The year 1971 Ingold travelled to Lapland and started his research project with the Skolt Sámi people. Young man fell in love with winter, which he thought was the most beautiful time of year. He learned to spend time with himself in the harsh and often solitary conditions – in Lapland the anthropologist have to find life, because things doesn’t just happen in front of her nose. Ingold also acquired knowledge of the self, life, and environment. In hindsight, he thinks that this period had a profound effect of how he experienced life later.
Supporter of Scottish independency, Tim Ingold is worried about the political future. His point of view is that the north has always been international – people have been able to carry on peaceful conversations across the borderlines. Similar experiences bring small numbered populations together. Ingold states that the north should not become a next frontier of neoliberal capitalism. Although in Finland the situation is considerably good, the northern parts of Russia and Canada suffer from substance addictions and their suicide rates are relatively high. Thinking about these issues in contrast with market hype, and the “disneyzation” of the north, big contradiction appears.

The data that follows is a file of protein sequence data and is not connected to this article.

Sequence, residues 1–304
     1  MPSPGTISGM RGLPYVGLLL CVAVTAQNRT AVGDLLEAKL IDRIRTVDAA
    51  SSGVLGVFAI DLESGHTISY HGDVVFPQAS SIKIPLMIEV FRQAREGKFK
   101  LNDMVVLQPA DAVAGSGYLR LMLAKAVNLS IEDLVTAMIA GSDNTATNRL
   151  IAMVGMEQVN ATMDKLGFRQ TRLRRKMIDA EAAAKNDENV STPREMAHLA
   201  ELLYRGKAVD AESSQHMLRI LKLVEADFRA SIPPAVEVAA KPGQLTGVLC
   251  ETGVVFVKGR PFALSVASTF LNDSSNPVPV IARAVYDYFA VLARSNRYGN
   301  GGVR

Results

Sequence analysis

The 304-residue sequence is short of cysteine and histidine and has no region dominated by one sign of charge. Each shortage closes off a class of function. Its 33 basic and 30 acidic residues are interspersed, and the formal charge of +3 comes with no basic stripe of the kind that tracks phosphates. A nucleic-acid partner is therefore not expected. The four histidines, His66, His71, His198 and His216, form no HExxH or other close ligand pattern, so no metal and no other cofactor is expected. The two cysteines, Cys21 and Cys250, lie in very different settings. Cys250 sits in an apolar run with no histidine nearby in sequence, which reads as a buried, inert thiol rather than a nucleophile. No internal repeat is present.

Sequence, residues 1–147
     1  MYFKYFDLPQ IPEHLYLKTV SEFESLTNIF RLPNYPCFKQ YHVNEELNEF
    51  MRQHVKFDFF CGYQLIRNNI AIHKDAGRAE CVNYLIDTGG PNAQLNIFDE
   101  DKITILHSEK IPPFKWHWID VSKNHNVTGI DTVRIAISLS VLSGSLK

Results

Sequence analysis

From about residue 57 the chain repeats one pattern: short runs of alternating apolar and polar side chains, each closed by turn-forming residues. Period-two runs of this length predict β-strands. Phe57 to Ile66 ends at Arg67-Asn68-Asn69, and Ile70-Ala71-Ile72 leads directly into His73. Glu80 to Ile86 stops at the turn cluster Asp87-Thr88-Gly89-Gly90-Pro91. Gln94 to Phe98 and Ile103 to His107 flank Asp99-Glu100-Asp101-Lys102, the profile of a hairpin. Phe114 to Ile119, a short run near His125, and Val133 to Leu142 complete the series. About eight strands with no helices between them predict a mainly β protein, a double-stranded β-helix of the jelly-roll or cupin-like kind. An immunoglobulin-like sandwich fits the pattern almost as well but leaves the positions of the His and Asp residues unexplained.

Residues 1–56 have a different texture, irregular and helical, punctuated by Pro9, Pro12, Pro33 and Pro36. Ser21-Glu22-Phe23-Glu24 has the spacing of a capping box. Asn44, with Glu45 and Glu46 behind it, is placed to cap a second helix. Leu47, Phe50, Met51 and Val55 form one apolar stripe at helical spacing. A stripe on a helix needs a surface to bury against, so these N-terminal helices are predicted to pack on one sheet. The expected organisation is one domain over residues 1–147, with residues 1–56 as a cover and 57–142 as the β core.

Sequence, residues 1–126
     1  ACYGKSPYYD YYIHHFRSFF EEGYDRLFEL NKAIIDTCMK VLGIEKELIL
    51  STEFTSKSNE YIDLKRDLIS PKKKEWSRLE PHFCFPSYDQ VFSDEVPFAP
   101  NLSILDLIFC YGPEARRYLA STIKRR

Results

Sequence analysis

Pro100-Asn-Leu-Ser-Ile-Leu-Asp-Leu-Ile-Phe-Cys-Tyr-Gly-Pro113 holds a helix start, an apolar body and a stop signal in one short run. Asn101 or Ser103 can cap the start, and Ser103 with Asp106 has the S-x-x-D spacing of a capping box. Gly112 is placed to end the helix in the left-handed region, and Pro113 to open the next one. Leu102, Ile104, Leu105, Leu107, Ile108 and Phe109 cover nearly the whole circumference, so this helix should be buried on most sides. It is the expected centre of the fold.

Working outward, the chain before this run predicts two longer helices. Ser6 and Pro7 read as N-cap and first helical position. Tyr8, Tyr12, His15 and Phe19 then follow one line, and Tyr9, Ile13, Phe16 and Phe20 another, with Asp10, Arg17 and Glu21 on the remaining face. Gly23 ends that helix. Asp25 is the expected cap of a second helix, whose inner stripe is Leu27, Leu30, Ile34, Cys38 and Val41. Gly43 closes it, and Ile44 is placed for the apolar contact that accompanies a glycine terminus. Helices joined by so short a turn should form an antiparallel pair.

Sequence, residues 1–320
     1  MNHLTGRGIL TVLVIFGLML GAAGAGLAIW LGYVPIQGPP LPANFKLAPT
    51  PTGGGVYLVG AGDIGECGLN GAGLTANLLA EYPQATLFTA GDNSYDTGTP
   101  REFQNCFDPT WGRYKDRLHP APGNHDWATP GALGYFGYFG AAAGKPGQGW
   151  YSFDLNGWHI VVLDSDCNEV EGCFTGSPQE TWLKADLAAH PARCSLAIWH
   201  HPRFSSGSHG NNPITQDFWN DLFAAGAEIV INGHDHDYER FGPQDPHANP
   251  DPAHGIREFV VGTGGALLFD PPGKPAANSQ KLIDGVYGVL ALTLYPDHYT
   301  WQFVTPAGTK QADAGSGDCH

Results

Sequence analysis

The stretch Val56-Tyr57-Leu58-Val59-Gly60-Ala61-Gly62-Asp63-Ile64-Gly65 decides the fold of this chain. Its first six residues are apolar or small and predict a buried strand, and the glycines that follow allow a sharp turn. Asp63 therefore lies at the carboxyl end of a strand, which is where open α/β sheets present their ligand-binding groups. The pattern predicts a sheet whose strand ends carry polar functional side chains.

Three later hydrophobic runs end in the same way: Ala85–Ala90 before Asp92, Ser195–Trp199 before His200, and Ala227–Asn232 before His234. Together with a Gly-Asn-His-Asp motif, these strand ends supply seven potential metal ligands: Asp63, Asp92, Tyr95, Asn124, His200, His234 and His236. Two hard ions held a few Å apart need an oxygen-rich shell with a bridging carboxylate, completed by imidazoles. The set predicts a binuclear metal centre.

Ingold thinks that the situation with Sámi people seems heated, mainly because of land use rights. He sees a lot more tension compared to previous times. Mining industry has been made possible in Lapland through technological evolution and the price hikes of minerals.
Tim Ingold encounters the change of Finnish society in transformation of the countryside landscape. Family farms have made way to big factory farms and cattle has disappeared. Last 25 years his family has spent time in Kohtavaara farm, located in shore of the lake Pielinen. They rent this old farmhouse, which is the best place in the world for Ingold: old sauna, no internet, day starts with a swim. He loves to sit in wooden benches and watch the birch trees. And of course, write his famous books.